I thought this method had something to do with the borders between triangles, but comments on the Bullet forums seem to indicate it has to do with contact between the mesh and another body. Any ideas? enn0x, if you see this, my apologies for the barrage of questions.
The source contains this comment:
“Welding threshold: distance between nearby vertices to be considered equal => set to 0.0 to disable welding test and speed up scene loading (ok if the mesh has no duplicates)”.
Apparently vertex welding is a kind of mesh simplification in which vertices closer than a certain threshold are combined by edge collapsing. I guess this is there to reduce the amount of collision geometry at the expense of scene loading time.
Right. It’s a common situation that modelling tools “duplicate” vertices. Both vertices are nearly at the same position, one one is used in the “left” triangle, the other in the “right” triangle (left and right are just to distinguish two adjacent triangles).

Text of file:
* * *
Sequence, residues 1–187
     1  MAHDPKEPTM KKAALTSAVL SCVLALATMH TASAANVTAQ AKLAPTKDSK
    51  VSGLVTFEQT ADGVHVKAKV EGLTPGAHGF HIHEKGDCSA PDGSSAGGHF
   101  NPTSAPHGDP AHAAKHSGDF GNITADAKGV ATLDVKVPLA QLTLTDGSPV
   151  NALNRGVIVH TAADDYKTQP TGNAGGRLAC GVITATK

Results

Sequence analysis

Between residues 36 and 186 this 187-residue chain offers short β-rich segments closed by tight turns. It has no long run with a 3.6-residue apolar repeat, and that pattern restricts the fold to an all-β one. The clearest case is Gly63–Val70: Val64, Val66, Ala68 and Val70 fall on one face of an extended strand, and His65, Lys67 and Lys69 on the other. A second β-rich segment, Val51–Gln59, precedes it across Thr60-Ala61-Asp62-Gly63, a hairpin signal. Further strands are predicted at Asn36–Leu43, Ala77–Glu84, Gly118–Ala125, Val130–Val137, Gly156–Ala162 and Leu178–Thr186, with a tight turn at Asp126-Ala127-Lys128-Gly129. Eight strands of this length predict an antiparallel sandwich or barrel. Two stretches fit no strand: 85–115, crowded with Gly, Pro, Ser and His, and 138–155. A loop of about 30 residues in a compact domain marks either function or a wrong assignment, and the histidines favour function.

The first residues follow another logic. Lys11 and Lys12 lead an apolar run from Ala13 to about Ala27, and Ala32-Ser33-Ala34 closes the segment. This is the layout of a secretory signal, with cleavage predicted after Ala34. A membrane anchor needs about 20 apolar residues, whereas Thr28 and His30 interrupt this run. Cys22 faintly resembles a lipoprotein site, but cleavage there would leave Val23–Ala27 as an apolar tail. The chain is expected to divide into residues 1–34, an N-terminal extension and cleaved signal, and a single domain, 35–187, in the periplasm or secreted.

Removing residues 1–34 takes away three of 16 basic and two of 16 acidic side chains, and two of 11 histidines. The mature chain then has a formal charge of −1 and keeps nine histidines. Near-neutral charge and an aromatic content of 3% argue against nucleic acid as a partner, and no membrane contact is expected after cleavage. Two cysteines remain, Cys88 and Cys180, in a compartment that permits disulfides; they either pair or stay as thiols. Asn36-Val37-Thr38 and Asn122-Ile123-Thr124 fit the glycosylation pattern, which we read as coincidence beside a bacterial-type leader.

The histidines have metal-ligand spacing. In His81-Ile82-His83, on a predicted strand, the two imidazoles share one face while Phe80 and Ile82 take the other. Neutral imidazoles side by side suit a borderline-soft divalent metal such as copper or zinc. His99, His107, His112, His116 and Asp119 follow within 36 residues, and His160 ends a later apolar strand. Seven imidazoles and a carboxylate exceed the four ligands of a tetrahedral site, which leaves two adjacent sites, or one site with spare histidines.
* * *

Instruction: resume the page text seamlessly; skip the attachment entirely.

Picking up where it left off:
It’s not a problem with rendering. If the vertices are so close to each other that the distance is less than one pixel you won’t ever see it.
For physics this is a huge problem. Objects might pass through a mesh or you get “bumpy” behaviour if sliding over such a crack. So it is a good idea to “weld” such vertices together before creating the collision meshes. Most physics engines have this feature built-in.
By the way: modelling tool often provide this feature too, often called “welding”.